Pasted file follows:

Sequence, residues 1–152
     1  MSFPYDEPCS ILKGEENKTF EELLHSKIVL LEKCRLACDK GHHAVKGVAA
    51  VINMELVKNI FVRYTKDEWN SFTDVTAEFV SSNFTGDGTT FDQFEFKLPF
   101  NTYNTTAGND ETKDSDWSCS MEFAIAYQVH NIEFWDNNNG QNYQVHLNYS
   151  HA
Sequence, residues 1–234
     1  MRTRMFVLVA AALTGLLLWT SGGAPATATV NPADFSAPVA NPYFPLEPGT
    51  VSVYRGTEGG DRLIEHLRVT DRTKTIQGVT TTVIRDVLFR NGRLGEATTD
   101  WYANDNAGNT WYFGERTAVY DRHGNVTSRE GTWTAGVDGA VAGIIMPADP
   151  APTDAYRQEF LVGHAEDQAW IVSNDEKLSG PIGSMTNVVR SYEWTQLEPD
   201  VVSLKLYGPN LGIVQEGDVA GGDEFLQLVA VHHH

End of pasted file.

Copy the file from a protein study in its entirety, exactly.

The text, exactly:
Sequence, residues 1–152
     1  MSFPYDEPCS ILKGEENKTF EELLHSKIVL LEKCRLACDK GHHAVKGVAA
    51  VINMELVKNI FVRYTKDEWN SFTDVTAEFV SSNFTGDGTT FDQFEFKLPF
   101  NTYNTTAGND ETKDSDWSCS MEFAIAYQVH NIEFWDNNNG QNYQVHLNYS
   151  HA
Sequence, residues 1–234
     1  MRTRMFVLVA AALTGLLLWT SGGAPATATV NPADFSAPVA NPYFPLEPGT
    51  VSVYRGTEGG DRLIEHLRVT DRTKTIQGVT TTVIRDVLFR NGRLGEATTD
   101  WYANDNAGNT WYFGERTAVY DRHGNVTSRE GTWTAGVDGA VAGIIMPADP
   151  APTDAYRQEF LVGHAEDQAW IVSNDEKLSG PIGSMTNVVR SYEWTQLEPD
   201  VVSLKLYGPN LGIVQEGDVA GGDEFLQLVA VHHH